And of course it’s airports we’d want to focus on now. A few weeks ago I was struck by the excellent, small selection at the bookshop in Edinburgh’s airport (not a Hudsons store of course). No doubt one of these days we’ll be worrying about filling- or electric-charging-station bookstalls as we all loll about in our autonomous vehicles. Some would say we’ll have no need of such retail outlets, having by then passed beyond anything as primitive as reading books on paper or buying things from a real place.

Can it really be true that a Japanese bookshop/hotel allows you to sleep among the stacks? Publishing Perspectives tells us the unlikely story. I wonder how much reading in bed you are allowed to do? Guests falling asleep over an expensive volume and crushing it when they turn over during the night makes for significant stock-shrinkage risk.

Books are well established as sleep aids of course. We know of many a book which is all too effective in this regard, no matter what time of the day one engages with it. The BBC radio program, “A book at bedtime”, began in 1949 with a 15-part reading of The Three Hostages by John Buchan. The program was a steady presence in my childhood, though I don’t recall listening in any regular way. I do think this is a good use of the airwaves, especially now that audio books are gaining in popularity and respectability. Being read to is a great way to fall asleep (educators claim it as the foundation of children’s literacy, though I think they focus on the reading rather than the falling asleep). Reading in bed is also better for your mind than a sleeping pill: it often seems to take effect all too soon. Reading a print book is allegedly better for this purpose than e-book reading, though this bright screen effect is not something that seems to stop me dozing off.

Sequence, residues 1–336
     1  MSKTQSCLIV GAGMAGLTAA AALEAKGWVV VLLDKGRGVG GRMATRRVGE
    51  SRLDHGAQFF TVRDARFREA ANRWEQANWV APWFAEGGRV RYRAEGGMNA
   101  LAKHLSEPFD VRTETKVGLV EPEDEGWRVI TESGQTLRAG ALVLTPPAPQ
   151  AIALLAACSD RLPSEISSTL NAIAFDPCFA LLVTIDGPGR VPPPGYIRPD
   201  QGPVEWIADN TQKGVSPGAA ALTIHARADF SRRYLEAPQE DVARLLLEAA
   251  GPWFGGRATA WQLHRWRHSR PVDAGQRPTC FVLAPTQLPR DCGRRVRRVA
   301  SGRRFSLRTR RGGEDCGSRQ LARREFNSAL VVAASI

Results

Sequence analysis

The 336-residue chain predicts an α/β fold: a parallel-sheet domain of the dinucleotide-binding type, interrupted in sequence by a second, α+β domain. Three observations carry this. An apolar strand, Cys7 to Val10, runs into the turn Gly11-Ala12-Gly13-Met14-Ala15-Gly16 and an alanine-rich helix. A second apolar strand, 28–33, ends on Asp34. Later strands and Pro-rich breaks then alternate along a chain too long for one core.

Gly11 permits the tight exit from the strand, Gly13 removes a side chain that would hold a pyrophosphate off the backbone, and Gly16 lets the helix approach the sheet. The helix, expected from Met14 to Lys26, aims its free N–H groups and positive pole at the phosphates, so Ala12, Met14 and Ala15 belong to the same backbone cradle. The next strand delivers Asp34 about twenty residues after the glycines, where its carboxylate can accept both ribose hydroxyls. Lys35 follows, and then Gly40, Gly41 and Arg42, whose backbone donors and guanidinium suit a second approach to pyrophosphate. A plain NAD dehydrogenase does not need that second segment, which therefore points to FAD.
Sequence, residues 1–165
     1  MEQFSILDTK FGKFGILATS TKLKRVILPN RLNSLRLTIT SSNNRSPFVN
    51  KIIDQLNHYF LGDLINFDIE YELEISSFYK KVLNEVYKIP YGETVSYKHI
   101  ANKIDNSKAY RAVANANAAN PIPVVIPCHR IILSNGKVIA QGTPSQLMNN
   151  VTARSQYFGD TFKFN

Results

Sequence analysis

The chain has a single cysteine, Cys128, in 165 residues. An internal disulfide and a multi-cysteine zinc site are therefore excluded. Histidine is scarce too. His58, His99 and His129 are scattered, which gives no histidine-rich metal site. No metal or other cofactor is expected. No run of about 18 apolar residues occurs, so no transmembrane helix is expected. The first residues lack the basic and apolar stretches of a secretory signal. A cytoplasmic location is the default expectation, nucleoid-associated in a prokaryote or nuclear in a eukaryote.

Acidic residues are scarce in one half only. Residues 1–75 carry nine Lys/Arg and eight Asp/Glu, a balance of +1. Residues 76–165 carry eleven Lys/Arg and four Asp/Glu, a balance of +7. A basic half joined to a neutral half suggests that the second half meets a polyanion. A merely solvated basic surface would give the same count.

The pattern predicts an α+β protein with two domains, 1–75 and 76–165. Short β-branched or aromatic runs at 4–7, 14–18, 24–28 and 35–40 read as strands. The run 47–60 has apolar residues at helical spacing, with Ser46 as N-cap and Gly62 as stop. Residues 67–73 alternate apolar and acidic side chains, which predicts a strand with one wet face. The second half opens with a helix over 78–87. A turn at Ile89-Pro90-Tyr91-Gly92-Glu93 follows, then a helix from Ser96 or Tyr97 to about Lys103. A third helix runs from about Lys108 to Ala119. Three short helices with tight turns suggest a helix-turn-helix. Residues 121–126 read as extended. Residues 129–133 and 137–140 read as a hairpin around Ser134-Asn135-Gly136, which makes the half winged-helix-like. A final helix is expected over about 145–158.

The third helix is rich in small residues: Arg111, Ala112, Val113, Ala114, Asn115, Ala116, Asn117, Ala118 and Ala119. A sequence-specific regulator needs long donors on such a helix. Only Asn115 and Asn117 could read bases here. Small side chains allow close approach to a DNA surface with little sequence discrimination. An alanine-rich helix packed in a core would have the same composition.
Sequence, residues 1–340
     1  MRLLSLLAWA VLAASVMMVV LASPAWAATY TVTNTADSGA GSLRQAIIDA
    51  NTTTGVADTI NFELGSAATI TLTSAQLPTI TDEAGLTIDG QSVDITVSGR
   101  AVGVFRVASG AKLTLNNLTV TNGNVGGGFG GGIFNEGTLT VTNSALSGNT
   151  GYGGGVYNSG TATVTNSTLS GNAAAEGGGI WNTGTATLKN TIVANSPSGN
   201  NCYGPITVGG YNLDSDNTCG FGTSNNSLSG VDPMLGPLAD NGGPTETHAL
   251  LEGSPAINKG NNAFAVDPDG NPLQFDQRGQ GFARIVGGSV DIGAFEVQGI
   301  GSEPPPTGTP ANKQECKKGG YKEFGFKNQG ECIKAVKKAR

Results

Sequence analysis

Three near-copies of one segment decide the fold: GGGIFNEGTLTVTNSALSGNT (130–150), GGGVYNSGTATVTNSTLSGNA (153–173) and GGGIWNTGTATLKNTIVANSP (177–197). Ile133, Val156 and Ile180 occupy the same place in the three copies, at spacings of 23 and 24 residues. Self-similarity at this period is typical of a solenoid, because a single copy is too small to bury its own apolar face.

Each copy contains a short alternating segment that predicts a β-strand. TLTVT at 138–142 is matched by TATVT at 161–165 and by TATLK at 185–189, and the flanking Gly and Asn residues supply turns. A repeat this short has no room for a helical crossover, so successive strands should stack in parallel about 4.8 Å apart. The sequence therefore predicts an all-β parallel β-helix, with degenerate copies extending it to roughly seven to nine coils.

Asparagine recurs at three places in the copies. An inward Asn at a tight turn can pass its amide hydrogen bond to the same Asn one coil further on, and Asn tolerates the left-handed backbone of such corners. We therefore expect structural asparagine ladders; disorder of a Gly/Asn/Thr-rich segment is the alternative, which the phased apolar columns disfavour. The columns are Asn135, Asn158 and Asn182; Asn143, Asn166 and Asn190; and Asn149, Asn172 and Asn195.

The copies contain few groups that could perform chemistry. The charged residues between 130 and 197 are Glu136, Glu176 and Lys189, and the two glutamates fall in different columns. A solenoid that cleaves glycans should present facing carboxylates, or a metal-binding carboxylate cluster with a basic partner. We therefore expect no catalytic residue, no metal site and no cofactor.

If you don’t have the energy to do it yourself, and you can’t find anyone to read you to sleep here are several options reviewed by The Guardian. Of course the advantage of having a parent or other live person read to you is that they can stop when you doze off. The machine will just go on reading, leaving you to figure out where you’d got to — something which is often hard enough if you lose your bookmark while wide awake.